Wrap & Cinch Double Column
This is forward-tension double column. It is great for tying any two things together:
- Wrist to wrist
- Ankle to ankle
- Wrists to ankles
- Wrists to thighs
- Knee to knee
- Ankle to thigh
- Wrist to arm of a chair
- Even elbow to elbow (if your partner is ridiculously flexible)
It is simple to apply and yet results in a snug and secure tie.
A double column is pretty much the same as a single column, but with a cinch in the middle. The same idea can be extended to three columns (as in a TK) or more… I am going to show two versions, the standard just-tie-them-up version and a useful variation if you are going to put the tie under tension — make it “load-bearing“.
Important Safety Tip! Wrists are sensitive, they must be handled with care. So “load-bearing”, means reasonable amounts of load. Hands attached overhead is fine, suspending someone by their wrists alone is not. More:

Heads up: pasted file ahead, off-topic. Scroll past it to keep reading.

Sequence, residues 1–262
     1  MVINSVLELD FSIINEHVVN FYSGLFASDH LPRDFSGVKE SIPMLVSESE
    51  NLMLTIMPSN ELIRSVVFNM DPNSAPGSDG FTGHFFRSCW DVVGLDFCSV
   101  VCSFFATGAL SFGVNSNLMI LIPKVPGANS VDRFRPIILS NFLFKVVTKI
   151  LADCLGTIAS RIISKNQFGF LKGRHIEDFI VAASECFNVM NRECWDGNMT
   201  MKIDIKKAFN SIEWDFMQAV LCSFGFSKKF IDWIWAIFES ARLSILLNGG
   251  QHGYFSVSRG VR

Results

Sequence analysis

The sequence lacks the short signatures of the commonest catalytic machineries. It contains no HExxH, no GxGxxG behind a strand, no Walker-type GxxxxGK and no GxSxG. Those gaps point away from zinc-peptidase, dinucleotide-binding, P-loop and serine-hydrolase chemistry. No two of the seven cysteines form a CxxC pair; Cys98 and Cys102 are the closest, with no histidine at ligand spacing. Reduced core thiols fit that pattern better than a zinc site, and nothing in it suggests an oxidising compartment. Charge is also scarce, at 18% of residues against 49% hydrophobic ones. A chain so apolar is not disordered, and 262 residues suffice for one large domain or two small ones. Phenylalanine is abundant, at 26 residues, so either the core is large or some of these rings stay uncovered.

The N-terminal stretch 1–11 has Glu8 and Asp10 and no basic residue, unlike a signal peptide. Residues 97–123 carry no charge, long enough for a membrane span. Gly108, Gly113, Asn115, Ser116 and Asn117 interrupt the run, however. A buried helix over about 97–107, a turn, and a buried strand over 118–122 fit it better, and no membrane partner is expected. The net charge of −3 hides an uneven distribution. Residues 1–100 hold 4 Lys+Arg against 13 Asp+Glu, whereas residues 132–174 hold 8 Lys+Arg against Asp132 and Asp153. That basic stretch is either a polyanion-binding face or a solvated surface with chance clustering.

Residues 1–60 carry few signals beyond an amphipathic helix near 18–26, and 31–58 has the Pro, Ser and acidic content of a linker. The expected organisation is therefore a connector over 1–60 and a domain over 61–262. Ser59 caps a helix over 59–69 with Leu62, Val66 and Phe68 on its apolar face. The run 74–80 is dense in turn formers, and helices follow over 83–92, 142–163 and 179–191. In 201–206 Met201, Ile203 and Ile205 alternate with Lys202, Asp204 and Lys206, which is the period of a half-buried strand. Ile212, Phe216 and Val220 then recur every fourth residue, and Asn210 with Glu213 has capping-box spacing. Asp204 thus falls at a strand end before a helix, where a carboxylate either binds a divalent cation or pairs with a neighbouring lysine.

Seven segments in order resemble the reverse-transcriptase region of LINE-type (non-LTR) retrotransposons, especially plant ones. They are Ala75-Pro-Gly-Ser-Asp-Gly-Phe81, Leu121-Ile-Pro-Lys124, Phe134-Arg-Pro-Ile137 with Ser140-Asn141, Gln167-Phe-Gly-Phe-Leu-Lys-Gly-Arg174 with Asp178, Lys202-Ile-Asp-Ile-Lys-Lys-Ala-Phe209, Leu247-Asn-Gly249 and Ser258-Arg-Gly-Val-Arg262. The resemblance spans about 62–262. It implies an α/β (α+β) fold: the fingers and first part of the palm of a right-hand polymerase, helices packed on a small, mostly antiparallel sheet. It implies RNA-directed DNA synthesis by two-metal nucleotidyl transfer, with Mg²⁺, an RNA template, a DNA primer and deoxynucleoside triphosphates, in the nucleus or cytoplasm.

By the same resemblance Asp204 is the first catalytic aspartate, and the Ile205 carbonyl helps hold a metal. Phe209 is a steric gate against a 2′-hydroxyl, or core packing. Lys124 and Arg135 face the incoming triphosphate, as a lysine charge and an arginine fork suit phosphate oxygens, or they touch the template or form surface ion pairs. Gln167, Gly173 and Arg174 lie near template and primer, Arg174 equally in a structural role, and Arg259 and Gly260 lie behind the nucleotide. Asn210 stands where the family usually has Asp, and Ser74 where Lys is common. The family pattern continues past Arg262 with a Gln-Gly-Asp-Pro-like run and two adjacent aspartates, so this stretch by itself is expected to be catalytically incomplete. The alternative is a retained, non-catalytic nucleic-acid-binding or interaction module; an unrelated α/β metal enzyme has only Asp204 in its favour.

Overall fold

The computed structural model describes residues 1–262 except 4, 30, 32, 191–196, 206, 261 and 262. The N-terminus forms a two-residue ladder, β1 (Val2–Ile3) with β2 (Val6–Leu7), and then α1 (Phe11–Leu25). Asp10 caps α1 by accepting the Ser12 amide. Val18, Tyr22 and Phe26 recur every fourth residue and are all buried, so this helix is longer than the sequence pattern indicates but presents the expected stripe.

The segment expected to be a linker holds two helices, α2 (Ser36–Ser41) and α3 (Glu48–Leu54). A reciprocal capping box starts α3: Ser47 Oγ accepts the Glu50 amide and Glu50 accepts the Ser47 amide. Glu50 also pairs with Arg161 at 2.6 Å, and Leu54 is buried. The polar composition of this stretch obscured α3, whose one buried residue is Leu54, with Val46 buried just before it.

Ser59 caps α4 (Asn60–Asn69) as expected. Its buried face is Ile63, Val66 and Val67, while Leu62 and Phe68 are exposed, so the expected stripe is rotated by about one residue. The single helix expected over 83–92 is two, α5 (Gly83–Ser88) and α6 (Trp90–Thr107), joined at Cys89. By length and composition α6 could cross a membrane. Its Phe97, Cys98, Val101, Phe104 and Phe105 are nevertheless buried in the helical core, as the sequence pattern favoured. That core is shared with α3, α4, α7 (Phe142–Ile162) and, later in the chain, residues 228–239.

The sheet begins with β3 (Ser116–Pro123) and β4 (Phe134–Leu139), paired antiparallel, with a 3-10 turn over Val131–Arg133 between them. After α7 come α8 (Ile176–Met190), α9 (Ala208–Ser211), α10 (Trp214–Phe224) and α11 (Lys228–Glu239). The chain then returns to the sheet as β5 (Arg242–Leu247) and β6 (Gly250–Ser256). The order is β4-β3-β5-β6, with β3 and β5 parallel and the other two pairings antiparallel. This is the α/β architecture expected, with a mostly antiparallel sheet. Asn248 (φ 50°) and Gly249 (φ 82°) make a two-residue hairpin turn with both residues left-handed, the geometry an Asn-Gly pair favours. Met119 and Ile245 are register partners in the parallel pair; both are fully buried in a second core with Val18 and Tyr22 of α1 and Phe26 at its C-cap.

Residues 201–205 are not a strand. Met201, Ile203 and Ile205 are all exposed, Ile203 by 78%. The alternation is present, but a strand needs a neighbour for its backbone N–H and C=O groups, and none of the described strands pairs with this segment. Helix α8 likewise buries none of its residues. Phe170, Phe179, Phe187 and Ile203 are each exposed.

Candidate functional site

- Wrists have a lot of nerve and blood vessels near the skin on the inside of the wrists. Too much pressure there can impact blood flow or nerve conduction. Cuffs should never be too tight; you should always be able to run two fingers under a cuff.
- The wrist joint itself is also fragile. If you pull on wrists too hard, you can damage that joint or even push some of those small wrist bones into the wrong position. NEVER suspend someone by the wrists alone. Never tie someone in a position where rope is a applying heavy continual stress on the wrists.
- An example of this might be if you tied your partner’s wrists to the bedposts, then grabbed their feet and pulled them sharply toward the foot of the bed. In that scenario, you may end up applying too much pressure to the wrist joints. Tying your partner to a bed can be amazing fun, but make sure there is enough slack in the tie that they can move their arms and wrists enough to adjust the lay of the cuff and rope strands from time to time.
For this tie, I used one 10′ (~3m) piece of 1/4″ (6mm) Braided Cotton Rope. This can be done with much less. 5′ (~1.5m) is plenty.
- Core Technique (0:18)
- Converting it to a Load-Bearing Version (2:30)